Researchers from the University of Louisville reviewed occupational injury data collected as part of the School of Dentistry's safety and infection control program. In the past 10 years, the school performed 1.5 million procedures in 822,139 patient visits. In that same period, dental students experienced 345 percutaneous injuries.
Needle sticks and burs left uncovered on the handpiece were the most frequently reported sources of skin injury. Many injuries occurred when students reached for an instrument or injected local anesthetic, and the hand and finger/thumb were the most commonly affected body parts.
Third-year dental students sustained the most injuries, accounting for 37% of all reported injuries. Third-year dental students were also the most likely group to not comply with available safety protocols. Fourth-year dental students sustained another 34% of percutaneous injuries.
Injuries were slightly more prevalent in the afternoon than in the morning. Students were also more likely to injure themselves on a Wednesday than any other day of the week.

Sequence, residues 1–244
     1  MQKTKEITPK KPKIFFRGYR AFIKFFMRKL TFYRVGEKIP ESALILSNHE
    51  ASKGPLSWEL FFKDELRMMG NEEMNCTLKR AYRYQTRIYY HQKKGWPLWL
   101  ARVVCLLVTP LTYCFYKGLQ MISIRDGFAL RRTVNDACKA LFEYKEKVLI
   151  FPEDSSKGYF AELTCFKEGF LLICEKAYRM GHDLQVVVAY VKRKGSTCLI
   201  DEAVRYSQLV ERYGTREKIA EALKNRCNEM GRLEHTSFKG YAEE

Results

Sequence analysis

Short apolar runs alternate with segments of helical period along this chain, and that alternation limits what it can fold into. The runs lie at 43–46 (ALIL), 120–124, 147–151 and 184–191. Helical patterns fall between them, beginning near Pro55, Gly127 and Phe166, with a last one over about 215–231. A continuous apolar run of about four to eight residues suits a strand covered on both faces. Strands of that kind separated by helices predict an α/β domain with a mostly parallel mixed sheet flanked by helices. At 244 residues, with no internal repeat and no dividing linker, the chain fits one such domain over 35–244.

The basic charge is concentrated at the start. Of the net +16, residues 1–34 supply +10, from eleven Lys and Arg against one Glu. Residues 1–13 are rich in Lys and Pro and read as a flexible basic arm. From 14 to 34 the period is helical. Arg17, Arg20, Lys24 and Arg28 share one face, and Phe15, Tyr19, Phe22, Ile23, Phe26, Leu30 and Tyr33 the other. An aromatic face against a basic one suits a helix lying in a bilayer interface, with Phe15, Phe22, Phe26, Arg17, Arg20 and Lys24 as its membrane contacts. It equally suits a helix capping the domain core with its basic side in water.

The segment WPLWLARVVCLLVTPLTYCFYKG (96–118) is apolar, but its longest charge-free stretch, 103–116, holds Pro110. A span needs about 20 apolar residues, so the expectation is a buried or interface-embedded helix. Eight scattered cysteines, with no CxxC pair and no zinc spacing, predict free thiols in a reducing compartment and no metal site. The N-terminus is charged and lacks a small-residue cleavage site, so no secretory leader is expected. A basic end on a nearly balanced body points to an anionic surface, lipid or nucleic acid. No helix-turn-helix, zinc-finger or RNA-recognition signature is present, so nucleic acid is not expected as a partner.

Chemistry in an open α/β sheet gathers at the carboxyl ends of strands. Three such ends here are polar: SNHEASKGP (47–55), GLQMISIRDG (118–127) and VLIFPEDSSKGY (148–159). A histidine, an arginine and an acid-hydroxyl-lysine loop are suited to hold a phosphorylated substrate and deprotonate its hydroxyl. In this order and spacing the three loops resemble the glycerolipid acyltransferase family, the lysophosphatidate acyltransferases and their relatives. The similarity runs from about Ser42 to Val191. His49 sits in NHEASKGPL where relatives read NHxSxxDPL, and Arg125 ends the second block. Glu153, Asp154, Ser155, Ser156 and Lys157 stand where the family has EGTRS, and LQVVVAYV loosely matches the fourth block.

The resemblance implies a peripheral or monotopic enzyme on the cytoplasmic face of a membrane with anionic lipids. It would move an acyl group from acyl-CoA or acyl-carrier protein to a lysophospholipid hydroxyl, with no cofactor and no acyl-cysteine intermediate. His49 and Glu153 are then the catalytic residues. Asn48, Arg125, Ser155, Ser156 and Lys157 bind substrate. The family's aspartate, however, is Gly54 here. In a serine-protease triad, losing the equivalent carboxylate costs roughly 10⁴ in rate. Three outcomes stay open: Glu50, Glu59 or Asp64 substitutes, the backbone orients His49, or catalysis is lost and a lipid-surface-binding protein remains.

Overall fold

"In most cases (96%), engineering controls were not used when available," the authors noted.
The University of Louisville School of Dentistry implemented its safety and infection control program more than 20 years ago. These types of programs are important to observe trends in occupational injuries and take corrective action, the authors noted.
"[The] challenge is improving compliance of timely reporting and creation of programs that educate dental students, before they enter the workforce as licensed healthcare providers," the authors concluded.
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